Missouri churches excited about Left Behind movie
By Allen Palmeri
October 4, 2005
JEFFERSON CITY – First Baptist Church, Bismarck, a hub in a community of about 1,600 people, is one of several Missouri Baptist congregations that are preparing to show the new Left Behind: World at War movie the weekend of Oct. 21, as an evangelistic outreach tool.
Purchasing a license for a nominal fee has enabled First Bismarck to plan for multiple showings of the film over the weekend. This is typical of how a dozen or more Missouri Baptist churches all over the state are utilizing the movie, which is the third film based on the popular end-times series of novels written by Jerry Jenkins and Tim LaHaye. They hope to create an environment where a pastor could stand before the moviegoers at the end of a studio-quality, Hollywood motion picture and share Christ.
“It seemed to me that it would be a tremendous evangelistic opportunity,” said Lawrence Kennon, pastor, First Bismarck.
Roy Spannagel, Missouri Baptist Convention (MBC) associate executive director, agreed.
“This seems to be an extremely wonderful opportunity that has come to our churches to be able to invite people to a non-threatening kind of service where their heart would be caught and challenged with what is going to happen in the days to come, with the coming of Christ,” Spannagel said. “Those who do not know Him as Savior and as Lord are indeed going to be left behind.”
The idea behind releasing the Left Behind movie into churches, not theaters, is to create “a box office counted in souls,” according to the film’s executive producer, Peter Lalonde. A campus group can get a license for $49; a church can obtain one for $69-$199, depending on how many members it has. The goal is to bring someone to know Christ as their Savior much like Lalonde did in 1983 as a result of viewing another evangelistic-type film, The Prodigal.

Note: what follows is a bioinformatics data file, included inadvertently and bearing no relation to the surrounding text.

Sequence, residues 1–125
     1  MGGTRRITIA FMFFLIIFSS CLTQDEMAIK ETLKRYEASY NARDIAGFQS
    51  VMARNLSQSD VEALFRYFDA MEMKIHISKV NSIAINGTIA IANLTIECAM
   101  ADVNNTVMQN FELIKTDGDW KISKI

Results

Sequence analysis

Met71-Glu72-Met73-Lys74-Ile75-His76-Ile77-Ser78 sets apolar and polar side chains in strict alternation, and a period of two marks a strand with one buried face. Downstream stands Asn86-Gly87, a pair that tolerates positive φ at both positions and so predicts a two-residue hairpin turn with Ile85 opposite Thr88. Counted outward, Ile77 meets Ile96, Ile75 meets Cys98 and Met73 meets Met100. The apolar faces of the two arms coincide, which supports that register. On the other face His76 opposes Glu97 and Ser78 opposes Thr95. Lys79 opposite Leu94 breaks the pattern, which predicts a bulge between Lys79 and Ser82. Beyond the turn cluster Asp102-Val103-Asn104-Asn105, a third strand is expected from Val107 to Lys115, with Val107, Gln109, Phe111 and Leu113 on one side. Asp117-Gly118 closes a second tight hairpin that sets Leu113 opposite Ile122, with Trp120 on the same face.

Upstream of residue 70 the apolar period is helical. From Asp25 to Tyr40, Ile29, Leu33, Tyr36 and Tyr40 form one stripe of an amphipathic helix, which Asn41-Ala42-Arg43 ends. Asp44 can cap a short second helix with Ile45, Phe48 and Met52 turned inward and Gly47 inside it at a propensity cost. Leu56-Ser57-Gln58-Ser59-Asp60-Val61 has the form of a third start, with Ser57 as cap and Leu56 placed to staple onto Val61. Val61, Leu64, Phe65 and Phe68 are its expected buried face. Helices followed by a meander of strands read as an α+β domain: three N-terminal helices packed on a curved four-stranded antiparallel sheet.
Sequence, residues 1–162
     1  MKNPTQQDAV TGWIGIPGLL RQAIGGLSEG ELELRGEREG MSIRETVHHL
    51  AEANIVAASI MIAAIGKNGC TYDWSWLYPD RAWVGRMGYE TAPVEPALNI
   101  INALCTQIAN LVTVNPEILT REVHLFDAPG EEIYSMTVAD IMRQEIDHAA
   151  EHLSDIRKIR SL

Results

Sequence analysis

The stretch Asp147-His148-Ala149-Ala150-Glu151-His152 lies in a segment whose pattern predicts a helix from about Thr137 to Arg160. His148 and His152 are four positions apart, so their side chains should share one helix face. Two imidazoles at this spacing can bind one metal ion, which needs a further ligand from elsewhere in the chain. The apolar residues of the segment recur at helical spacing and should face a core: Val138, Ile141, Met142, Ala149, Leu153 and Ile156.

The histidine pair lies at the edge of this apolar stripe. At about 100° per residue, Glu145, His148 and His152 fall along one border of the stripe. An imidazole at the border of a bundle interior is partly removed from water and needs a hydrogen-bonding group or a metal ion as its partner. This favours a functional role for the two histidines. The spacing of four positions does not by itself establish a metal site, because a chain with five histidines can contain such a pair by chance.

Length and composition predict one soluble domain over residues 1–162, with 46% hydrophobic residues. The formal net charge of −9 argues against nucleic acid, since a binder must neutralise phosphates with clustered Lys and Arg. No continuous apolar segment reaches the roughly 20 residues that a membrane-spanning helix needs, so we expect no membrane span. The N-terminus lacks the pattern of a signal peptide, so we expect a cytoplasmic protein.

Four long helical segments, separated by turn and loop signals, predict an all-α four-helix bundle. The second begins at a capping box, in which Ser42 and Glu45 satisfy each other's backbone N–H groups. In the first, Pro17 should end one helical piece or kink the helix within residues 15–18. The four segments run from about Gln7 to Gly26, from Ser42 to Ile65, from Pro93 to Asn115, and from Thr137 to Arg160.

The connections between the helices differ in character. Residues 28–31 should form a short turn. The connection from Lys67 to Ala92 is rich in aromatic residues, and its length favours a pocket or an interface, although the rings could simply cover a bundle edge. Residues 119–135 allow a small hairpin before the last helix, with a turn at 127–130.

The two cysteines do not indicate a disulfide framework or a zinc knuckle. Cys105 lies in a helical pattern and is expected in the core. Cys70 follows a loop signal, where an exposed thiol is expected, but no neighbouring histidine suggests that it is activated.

“I’ve always had this passion for the monthly church film night that we used to have in the early ‘80s,” Lalonde said. “Along came VHS and it sort of ended the 16-millimeter film nights that were such a great outreach. I’ve always wanted to bring that back.”
Lalonde and his brother, Paul, with Cloud Ten Pictures are partnered with Sony Pictures in a pioneering marketing venture that had secured 1,700 screens as of Sept. 26. The standard for a wide Hollywood release is 2,000 screens, Lalonde said.
“To put that in perspective, we have more physical street addresses (like First Bismarck) than the top six theater chains combined,” he said.
First Bismarck plans to show the movie five times on a 12-foot-wide screen in its 250-seat sanctuary. The church’s marketing plan includes a mass mailing, bulletin inserts and posters, as well as word of mouth.
Westport Community Church, St. Louis, has scheduled a 4:30 p.m. showing on Oct. 23. Pastor Jeff Purvis, who is also a member of the Missouri Baptist Convention Executive Board, said Missouri Baptist pastors who are trying to fish for souls ought to do this because so many unbelievers these days are interested in the end times.
“It’s like bait on a hook,” Purvis said.
To find out more about hosting a showing of the movie, visit LeftBehind-WorldatWar.com. Churches may choose to charge admission so that ticket sales can benefit church programs. Another way is to simply show the movie for free. That is what First Bismarck and Westport are doing.
Lalonde encouraged Missouri ministry staff personnel who fall into the category of “a person with a DVD player and a passion for souls” to check out the list of locations in the state where the film is being shown. As of Sept. 29, the total was 49 churches.
“If there’s nobody playing it in your town, there’s an opportunity here,” he said.